- Assess capital equipment & human resources. “In the PCB segment, U.S. manufacturers are facing constraints because they have aging equipment that can’t do the work that is required for R&D or even produce the goods that are being used today,” said Mitchell. “We’re seeing smaller PCB manufacturers being excluded from the market because they can’t afford the equipment. At the same time, electronics companies are facing the spectre of an aging workforce. They are not able to attract younger workers with the know-how. Education and training are areas where IPC is investing millions of dollars.”
- Adopt new technologies to fight counterfeiting, One way to reduce your risk of procuring counterfeit parts is by working only with authorized distributors that have a legal agreement with your OEMs. Another method is to consider adopting ISO/IEC 17025:2005 accreditation which includes several SAE AS6171 test methods for suspect/counterfeit electrical, electronic and electromechanical (EEE) parts. This SAE Aerospace Standard standardizes inspection and test procedures, workmanship criteria, and minimum training and certification requirements to detect suspect/counterfeit electrical, electronic, and electromechanical (EEE) parts.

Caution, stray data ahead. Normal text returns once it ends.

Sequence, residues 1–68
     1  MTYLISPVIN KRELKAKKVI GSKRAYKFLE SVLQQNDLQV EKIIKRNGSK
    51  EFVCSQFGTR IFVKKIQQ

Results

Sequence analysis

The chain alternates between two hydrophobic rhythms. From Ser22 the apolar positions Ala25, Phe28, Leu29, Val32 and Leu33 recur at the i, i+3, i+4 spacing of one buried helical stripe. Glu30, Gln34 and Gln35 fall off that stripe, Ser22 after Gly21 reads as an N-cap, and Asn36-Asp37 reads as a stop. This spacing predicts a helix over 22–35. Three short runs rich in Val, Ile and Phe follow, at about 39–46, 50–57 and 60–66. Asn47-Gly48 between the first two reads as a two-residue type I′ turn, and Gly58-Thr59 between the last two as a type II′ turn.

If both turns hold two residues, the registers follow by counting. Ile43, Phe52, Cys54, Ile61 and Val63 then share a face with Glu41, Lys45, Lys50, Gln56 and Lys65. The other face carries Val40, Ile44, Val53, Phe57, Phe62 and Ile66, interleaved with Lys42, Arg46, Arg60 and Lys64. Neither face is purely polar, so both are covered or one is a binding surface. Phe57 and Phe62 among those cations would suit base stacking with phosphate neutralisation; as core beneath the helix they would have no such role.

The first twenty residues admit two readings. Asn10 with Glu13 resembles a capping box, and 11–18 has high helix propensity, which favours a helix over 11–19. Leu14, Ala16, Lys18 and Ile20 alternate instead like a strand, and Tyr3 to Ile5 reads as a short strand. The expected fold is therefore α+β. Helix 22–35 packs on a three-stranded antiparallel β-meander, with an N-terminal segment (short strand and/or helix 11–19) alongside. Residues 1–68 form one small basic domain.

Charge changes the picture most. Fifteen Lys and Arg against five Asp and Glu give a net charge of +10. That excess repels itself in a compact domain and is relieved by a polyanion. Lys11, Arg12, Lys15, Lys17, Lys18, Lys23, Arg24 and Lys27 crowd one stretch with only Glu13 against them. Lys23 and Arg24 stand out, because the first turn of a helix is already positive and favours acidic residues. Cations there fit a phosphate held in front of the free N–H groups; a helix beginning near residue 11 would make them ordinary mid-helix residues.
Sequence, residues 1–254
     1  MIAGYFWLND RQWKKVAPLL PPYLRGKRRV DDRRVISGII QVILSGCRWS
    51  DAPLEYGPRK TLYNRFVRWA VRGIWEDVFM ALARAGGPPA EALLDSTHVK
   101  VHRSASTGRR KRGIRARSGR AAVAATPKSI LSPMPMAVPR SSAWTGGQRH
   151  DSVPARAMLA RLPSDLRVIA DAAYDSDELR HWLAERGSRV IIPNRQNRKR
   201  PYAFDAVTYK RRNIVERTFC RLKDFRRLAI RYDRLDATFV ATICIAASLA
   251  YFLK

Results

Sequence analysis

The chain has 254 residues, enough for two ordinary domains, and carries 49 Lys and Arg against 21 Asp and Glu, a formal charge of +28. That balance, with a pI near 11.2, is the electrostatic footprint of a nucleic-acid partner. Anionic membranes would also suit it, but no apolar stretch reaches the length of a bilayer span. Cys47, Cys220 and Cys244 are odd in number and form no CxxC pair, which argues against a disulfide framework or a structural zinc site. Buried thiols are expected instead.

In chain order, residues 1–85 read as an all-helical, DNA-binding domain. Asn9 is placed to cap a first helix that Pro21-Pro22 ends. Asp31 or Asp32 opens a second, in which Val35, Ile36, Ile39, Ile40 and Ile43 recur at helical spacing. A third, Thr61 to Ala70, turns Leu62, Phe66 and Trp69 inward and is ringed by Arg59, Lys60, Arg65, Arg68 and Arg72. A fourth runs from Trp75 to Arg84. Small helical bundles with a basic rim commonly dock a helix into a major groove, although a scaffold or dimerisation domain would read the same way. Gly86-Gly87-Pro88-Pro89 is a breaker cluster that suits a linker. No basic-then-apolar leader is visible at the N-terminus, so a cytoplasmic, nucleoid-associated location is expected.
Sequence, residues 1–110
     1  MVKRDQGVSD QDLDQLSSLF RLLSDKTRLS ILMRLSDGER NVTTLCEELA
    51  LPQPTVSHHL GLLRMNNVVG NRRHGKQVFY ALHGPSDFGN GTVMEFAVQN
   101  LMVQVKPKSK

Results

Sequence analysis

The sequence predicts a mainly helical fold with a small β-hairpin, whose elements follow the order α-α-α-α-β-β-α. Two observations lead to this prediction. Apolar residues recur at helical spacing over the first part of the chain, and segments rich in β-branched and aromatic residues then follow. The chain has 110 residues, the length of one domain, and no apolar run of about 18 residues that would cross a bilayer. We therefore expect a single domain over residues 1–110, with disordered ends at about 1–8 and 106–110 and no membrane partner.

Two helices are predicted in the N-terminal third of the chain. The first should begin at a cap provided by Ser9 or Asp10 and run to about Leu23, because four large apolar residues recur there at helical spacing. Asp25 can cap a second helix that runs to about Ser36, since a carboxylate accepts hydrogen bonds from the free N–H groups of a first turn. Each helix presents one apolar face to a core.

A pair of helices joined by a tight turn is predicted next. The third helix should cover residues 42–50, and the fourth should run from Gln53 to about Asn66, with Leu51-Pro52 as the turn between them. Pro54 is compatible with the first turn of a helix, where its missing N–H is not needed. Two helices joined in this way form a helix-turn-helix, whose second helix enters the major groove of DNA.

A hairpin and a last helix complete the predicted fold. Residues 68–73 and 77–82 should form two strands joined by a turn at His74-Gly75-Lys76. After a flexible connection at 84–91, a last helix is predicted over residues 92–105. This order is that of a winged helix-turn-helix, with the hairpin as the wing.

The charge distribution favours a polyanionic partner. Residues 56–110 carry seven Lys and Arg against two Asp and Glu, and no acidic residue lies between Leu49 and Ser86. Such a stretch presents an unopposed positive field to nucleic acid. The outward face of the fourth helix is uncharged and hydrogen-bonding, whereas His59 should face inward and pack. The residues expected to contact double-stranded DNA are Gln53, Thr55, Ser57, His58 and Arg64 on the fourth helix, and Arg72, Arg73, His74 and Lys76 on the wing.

Going forward, dielets innovated by DARPA may be used as part of its Supply Chain Hardware for Electronics Defense (SHIELD) program, serving as microscopic tags embedded in each integrated circuit, and expressly designed to detect tampering.
In the final analysis, the U.S. Department of Defense and the aerospace industry want to ensure that they have the electronics necessary to run their operations, and that this technology is safely on friendly shores. This presents opportunities for companies in the U.S. and its allies’ countries to manufacture the electronics that modern military and aerospace operations need, as well as to source the componentry and materials needed to build the equipment.
“Overall, this is a challenge for the industry as a whole, which is facing component shortages and trying to manage that, as well as needing to expand to meet the growing needs of the defense and aerospace sectors,” said Mitchell. “At the same time, there are many areas of the electronics supply chain that are not well understood, and that need to be probed so we can understand where the vulnerabilities are and correct them. What section 845 of the NDAA report tells us is that the government is sensitive to these issues. This helps lay the groundwork that will enable electronics manufacturers to move forward.”